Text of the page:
1580s, "flowing freely" (of water), also, of speakers, "able and nimble in the use of words," from Latin fluentem (nominative fluens) "lax, relaxed," figuratively "flowing, fluent," present participle of fluere "to flow, stream, run, melt," from extended form of PIE *bhleu- "to swell, well up, overflow" (source also of Latin flumen "river;" Greek phluein "to boil over, bubble up," phlein "to abound"), an extended form of root *bhel- (2) "to blow, swell." Used interchangeably with fluid (adj.) in 17c. in the sense "changeable, not rigid." Related: Fluently.
"pertaining to a river," late 14c., from Latin fluvialis "of a river," from fluvius "a river, stream, running water," related to fluere "to flow" (see fluent).
late 12c., "stream," from Old French flum "running water, stream, river; dysentery," from Latin flumen "flood, stream, running water," from fluere "to flow" (see fluent). In U.S., used especially of artificial streams channeled for some industrial purpose.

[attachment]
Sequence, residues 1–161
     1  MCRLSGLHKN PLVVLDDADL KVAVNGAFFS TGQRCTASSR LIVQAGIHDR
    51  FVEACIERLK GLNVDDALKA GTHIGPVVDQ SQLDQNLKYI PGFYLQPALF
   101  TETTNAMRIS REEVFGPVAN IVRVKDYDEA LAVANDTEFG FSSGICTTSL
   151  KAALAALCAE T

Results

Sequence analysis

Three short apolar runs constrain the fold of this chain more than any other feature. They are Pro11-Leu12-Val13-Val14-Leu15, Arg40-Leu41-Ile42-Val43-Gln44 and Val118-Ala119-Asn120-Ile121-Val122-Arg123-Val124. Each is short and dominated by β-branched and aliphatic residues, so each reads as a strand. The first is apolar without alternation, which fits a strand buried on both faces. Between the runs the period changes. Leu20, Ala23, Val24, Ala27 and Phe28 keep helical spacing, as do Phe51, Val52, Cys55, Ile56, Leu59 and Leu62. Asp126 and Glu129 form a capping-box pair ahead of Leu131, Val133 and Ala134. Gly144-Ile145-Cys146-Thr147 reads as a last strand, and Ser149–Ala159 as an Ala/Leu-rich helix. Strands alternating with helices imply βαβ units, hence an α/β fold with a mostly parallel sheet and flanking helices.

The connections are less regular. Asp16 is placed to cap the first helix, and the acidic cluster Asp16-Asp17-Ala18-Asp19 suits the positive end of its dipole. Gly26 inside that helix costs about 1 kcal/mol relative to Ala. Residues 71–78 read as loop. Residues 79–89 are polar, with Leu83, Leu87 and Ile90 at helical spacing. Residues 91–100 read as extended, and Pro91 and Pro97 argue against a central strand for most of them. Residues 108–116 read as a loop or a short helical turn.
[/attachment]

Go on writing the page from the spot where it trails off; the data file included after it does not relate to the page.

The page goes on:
early 15c., "liquid, capable of flowing," from Old French fluide (14c.) and directly from Latin fluidus "fluid, flowing, moist," from fluere "to flow" (see fluent). Figurative use, of non-material things, "not fixed or rigid," from 1640s. Related: Fluidly.
1630s, from Latin fluctuatus, past participle of fluctuare "to undulate, to move in waves," from fluctus "a wave, billow, surge, a flowing," from past participle of fluere "to flow" (see fluent). Related: Fluctuated; fluctuates; fluctuating.